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Lead-Gen Content Marketing That Raises the Bar

It’s not everyday I get big UPS packages. When I opened a recent one, however, I was delighted and impressed to say the least.

The package was from SharpSpring, a marketing automation company that targets agencies like Elasticity. They sell us a group price for marketing automation tools that we can then use for any or all of our clients. Inside was an interesting set of gifts along with a wonderful little piece of content.

The inside of SharpSpring's package

The box contained a six-pack of Hank’s Gourmet Root Beer, six SharpSpring-branded bottle koozies and a very small purple T-shirt. The cover letter – a personalized, signed communiqué from founder Rick Carlson – was plain spoken and to the point: “If we’ve won you over with our shameless bribe … then please reach out … .“

This gift box was an attempt to simply get me to do a product demo with them.

But wait! There’s more!

Accompanying the letter was a one-page instruction sheet, comically written to show me how to place the root beer in the refrigerator, remove it when cold, place the koozie on and even use the purple T-shirt to open the bottle (to protect your fingers and hands from the sharp edges). It also had recycling instructions for the shirt, which included options to A) Wash your car; B) Use it as an oven mitt; or C) Make a hammock for your hamster.

And then there was the kicker: A WARNING call-out box at the bottom that said, “Do not attempt to use orange T-shirts for marketing automation purposes.” Orange is the primary color of at least one of SharpSpring’s competitors. Clever little dig, there.

Certainly many companies use gifts and gimmicks to get your attention. The ones that do often stand out. Why? Because, if done correctly, the gift box is a “holy smokes” moment. Here’s why this one worked:

  1. It was a gift almost anyone could appreciate. Sure, a bottle of bourbon might be more customized, but as the letter said, they elected to send root beer and avoid federal prosecution for shipping alcohol across state lines. (Legalities differ between states.)
  2. It wasn’t just a gift. The package included 3-4 items together with a story that explained each gift’s purpose, even if the purpose was a joke (like the T-shirt).
  3. It was engaging. Using humor and storytelling, SharpSpring pulled me in to really pay attention to the package and every piece of literature in it. As a result, I know more about them and what they do, and I am quite likely to want to see the demo.

There are gifts and there are well-thought pieces of content marketing that take the audience on a little journey. This package was the latter. Perhaps it can inspire your storytelling for your next pitch to a client.

One Response to Lead-Gen Content Marketing That Raises the Bar

  1. Jason, thank you for “getting it.” We have been a realtively small company that is now making big waves in the marketing automation space. We are approaching 400 agencies in ~20 countries that use SharpSpring to deliver MA to their many 1,000s of clients. Our success comes from building our entire business around marketing agencies. So who better than an agency to appreciate a good promo, right?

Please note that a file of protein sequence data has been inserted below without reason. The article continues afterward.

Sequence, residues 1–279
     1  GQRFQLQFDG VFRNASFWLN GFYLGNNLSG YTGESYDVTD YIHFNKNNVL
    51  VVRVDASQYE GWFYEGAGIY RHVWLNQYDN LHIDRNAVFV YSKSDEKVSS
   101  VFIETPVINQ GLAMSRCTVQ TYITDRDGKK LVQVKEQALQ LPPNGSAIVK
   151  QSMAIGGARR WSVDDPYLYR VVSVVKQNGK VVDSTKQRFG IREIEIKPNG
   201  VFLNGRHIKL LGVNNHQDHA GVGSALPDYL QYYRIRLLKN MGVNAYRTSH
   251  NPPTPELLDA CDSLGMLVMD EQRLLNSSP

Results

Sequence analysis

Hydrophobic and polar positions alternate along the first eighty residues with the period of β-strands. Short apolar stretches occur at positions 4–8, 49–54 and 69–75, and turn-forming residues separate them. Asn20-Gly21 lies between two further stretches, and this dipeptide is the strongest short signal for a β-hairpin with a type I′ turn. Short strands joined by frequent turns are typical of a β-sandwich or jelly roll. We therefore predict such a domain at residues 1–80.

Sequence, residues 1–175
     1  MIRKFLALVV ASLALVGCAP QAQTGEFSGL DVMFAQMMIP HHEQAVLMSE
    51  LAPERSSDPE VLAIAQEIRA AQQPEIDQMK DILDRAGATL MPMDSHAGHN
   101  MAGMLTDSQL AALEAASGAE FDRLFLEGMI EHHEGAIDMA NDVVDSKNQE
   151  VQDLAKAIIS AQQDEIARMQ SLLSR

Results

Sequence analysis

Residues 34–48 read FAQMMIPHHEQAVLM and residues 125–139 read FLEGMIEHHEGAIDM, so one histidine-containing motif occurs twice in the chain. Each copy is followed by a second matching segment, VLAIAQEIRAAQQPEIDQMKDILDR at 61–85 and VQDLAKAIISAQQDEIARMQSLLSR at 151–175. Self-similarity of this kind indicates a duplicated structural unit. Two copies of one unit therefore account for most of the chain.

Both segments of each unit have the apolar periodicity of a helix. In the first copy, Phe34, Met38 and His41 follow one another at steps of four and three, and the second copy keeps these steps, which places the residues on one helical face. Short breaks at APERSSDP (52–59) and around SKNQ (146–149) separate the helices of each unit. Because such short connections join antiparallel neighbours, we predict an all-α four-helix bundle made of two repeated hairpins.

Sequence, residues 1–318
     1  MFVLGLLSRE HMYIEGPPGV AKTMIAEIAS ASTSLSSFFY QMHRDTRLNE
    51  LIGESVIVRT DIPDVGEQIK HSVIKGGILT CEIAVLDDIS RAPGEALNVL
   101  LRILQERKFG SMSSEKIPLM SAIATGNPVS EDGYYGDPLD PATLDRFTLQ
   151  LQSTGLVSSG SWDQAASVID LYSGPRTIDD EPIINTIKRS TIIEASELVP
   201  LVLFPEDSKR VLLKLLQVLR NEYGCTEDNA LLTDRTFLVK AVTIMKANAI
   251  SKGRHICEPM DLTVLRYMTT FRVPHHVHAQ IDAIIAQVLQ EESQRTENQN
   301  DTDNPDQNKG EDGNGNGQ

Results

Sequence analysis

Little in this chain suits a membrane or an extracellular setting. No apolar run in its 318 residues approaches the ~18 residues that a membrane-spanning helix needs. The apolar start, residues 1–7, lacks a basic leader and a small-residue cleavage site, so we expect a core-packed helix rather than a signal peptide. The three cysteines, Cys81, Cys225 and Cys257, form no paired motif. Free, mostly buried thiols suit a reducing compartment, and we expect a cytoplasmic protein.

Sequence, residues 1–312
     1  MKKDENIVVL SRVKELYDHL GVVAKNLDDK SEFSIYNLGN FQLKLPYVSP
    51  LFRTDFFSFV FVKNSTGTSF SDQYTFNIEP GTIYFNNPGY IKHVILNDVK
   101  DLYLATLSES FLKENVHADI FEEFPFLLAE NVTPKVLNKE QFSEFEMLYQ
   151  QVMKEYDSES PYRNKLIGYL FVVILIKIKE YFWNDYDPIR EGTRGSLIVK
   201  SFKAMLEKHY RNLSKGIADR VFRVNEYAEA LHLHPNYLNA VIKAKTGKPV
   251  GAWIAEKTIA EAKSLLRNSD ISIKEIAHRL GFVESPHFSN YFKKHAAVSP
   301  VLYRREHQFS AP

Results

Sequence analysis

In the sprit of full disclosure, you unknowingly pointed out a small mistake in our package to you. You should have either gotten a collateral sheet that referenced the purple shirt you received (representative of Marketo), or you should have gotten an orange shirt representing that “other company” whose name I cannot recall at the moment 🙂 The point is that the shirt and collateral piece in your package should have matched, as we did custom mailings based on the technology our research suggested you were using. In any case, you “get it” and I appreciate it.

    I can tell you that the promo is simply a representation of the hard work and creativity that we try to put into everything we do – not the least of which is the SharpSpring marketing automation platform itself. For us, the challenge is getting folks like you to see what we have to offer. Once that happens, people are generally blown away and join us. As such, we try to pull out all the stops to “say hello” with a bit of personality, knowing that if we get your attention and get you on a demo, we’ll likely become long time partners. I look forward to proving that later point to you in the near future. In the meantime, thank you again for being so receptive and taking the time to write about it.

    For your readers, at Sharpspring, we try to never do a promo where you can attach another company’s logo, and still have the promotion work and make sense. The promo MUST speak to our unique selling proposition (USP). In this case, nobody can say that they are “the perfect fit” for agencies like SharpSpring can, because we are the only platform built for agencies. Contrast this with a generic March Madness promo where any company can slap a log on the promo and the promo would still work. Are you saying anything with a promo like this? In short, IMHO a great promo (or sales pitch, or any other communication of any kind) should not only be attention grabbing, but should be 100% focused on what makes you valuable to your prospective clients. Ok, off my soapbox now 🙂 As you can tell, I live and breath marketing, and i appreciate when our work results in a connection like this, so thank you.


    Rick Carlson

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